ACR Supports Medical Imaging Provisions in SGR Bill

 

February 7, 2014
American College of Radiology SGR Imaging Mammography Clinical Decision Support
February 7, 2014 — The American College of Radiology (ACR) strongly supports the bicameral, bipartisan legislation to replace the sustainable growth rate (SGR) payment formula. The organization particularly applauds inclusion of several ACR backed provisions that raise quality of care, make care more efficient and increase transparency in physician payment policy.  
 
The bill would require ordering providers to consult physician-developed appropriateness criteria when prescribing advanced medical imaging studies for Medicare patients. The legislation would direct the secretary of the U.S. Department of Health and Human Services to identify mechanisms, such as clinical decision support tools, by which ordering professionals could consult these criteria. Such ordering systems are shown to reduce duplicate and/or unnecessary scanning and associated costs. 
 
“The imaging appropriateness criteria provisions in this SGR bill will help ensure that patients get the right exam for the right condition and avoid care they may not need,” said Paul H. Ellenbogen, M.D., FACR, chair of the American College of Radiology Board of Chancellors. “This will raise quality of care and help preserve resources without interfering in the doctor-patient relationship or affecting access to care. We applaud Congress for taking this groundbreaking step.”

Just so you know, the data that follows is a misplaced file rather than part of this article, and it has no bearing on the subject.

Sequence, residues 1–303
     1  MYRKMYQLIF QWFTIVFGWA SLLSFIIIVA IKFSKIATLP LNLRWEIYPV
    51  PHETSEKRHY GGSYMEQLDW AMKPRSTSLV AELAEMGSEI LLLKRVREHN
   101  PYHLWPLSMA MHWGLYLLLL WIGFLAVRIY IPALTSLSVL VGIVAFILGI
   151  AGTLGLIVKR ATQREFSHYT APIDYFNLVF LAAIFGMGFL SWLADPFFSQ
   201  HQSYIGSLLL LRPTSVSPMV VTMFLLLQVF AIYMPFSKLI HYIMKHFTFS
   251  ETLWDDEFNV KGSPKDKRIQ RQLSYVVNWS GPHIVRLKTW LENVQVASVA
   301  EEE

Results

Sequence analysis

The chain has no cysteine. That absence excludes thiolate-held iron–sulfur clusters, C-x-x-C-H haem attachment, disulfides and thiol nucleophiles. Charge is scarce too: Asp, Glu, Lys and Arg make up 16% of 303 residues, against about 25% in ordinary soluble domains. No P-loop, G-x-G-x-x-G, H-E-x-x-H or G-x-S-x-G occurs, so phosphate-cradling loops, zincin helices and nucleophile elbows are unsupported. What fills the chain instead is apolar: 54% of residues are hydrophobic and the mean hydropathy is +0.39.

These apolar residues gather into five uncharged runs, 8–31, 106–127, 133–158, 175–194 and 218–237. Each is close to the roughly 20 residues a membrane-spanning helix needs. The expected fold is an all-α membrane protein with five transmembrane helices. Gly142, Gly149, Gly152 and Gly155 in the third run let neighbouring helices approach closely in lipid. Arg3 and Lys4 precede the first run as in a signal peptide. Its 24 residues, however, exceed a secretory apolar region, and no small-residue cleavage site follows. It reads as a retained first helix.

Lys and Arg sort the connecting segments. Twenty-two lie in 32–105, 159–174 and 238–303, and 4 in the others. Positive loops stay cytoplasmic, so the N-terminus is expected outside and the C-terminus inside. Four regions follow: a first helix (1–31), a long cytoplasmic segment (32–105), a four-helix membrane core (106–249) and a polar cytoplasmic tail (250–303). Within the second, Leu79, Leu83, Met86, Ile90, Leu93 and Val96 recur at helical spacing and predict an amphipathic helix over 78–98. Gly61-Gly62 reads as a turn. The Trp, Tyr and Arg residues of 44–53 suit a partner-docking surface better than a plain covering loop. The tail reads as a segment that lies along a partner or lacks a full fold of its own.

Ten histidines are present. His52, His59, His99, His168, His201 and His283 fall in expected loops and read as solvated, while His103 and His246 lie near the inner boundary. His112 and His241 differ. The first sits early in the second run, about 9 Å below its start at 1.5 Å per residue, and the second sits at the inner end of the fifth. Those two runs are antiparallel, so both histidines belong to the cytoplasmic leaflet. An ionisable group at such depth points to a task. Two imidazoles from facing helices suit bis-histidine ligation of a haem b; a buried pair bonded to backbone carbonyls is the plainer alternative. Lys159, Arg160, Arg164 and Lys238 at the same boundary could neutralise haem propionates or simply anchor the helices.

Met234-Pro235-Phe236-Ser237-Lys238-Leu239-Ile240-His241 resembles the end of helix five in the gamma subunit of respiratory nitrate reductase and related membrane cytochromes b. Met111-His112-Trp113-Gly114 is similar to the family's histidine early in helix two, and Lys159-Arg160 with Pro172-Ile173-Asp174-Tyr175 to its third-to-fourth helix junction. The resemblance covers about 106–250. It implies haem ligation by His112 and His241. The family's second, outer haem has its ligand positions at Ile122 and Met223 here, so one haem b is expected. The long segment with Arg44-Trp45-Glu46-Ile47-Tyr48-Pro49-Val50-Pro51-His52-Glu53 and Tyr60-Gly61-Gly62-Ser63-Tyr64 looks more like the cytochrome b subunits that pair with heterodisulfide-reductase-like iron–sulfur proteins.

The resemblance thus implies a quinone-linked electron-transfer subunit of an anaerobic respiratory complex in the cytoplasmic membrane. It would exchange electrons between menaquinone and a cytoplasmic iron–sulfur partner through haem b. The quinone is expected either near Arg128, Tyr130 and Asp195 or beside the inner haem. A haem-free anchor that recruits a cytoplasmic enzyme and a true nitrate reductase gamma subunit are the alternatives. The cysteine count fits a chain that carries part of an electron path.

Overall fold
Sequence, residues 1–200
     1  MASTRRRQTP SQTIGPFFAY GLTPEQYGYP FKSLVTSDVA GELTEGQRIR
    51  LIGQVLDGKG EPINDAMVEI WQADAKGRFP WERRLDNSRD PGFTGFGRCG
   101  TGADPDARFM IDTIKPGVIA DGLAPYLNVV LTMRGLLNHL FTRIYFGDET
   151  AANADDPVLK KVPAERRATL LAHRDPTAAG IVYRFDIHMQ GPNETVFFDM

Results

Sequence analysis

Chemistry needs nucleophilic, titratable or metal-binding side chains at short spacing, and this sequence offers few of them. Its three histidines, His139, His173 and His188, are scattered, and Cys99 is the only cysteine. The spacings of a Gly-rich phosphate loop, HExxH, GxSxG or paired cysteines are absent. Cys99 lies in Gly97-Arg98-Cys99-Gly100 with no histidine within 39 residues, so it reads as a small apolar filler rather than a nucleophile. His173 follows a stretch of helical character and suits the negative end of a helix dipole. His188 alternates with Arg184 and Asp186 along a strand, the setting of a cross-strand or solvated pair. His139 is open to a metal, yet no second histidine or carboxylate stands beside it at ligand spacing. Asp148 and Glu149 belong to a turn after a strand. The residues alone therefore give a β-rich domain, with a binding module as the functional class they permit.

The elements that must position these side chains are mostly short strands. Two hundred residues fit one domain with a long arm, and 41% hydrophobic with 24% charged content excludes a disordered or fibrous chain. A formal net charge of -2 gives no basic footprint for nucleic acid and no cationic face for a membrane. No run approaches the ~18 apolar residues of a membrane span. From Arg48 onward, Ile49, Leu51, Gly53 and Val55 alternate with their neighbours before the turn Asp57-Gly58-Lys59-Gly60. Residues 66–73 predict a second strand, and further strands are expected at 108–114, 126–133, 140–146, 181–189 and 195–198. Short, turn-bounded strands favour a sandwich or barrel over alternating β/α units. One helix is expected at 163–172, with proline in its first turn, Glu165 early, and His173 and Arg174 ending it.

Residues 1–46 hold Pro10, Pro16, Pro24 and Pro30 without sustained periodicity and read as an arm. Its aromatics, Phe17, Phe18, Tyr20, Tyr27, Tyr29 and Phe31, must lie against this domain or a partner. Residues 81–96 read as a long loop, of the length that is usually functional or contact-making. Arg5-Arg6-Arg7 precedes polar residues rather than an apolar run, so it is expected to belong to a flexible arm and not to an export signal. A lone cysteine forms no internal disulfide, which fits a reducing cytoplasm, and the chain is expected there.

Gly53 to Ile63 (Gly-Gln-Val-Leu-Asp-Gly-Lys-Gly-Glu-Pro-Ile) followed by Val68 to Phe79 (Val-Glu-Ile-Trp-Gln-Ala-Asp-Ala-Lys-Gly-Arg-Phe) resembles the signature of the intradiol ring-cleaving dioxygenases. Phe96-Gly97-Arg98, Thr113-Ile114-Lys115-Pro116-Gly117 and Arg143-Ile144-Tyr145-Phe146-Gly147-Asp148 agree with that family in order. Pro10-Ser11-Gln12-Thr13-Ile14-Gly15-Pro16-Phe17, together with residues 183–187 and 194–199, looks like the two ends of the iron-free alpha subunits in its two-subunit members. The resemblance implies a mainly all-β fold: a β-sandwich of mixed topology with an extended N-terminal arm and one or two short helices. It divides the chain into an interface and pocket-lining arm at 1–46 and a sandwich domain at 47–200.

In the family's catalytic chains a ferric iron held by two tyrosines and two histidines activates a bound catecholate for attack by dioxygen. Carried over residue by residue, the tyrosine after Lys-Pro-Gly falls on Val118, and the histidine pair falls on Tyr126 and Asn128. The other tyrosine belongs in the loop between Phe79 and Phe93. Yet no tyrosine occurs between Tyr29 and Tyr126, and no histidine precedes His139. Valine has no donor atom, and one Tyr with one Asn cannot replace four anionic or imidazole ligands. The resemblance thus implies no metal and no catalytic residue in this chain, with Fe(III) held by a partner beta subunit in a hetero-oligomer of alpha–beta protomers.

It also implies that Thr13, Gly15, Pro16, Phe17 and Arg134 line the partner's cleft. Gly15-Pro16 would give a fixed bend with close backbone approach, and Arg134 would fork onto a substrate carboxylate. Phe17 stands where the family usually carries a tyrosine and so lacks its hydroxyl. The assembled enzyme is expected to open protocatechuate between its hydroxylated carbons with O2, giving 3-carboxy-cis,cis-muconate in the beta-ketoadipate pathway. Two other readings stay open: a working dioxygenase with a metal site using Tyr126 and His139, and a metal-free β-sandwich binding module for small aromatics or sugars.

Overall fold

The ACR also supports provisions in the bill that would provide a positive payment update of 0.5 percent to physicians each year through 2018 and require that any specific cuts to medical services greater than 20 percent be phased in over two years.
 
“Repeated imaging cuts have forced many facilities to close or cut services. According to the FDA, there are now roughly 150 fewer mammography facilities and nearly 600 fewer mammography units available than in 2007. This ‘dampening’ policy would help prevent such massive impact on patient access to care and is a step toward sensible imaging reimbursement policies,” Ellenbogen said.    
 
Another ACR backed provision would require the Centers for Medicare and Medicaid Services (CMS) to produce data used to justify a 2012 policy that implemented a 25 percent multiple procedure payment reduction to certain medical imaging procedures provided to the same patient, on the same day, in the same session.
 
“A 2012 JACR study proves that this multiple procedure payment reduction has no basis in fact. CMS has never provided any basis for this destructive policy that affects care for the most sick and injured patients. We look forward to a legislative policy that will force Medicare to justify this cut, which has negatively impacted so many providers,” Ellenbogen said.
 
For more information: www.acr.org
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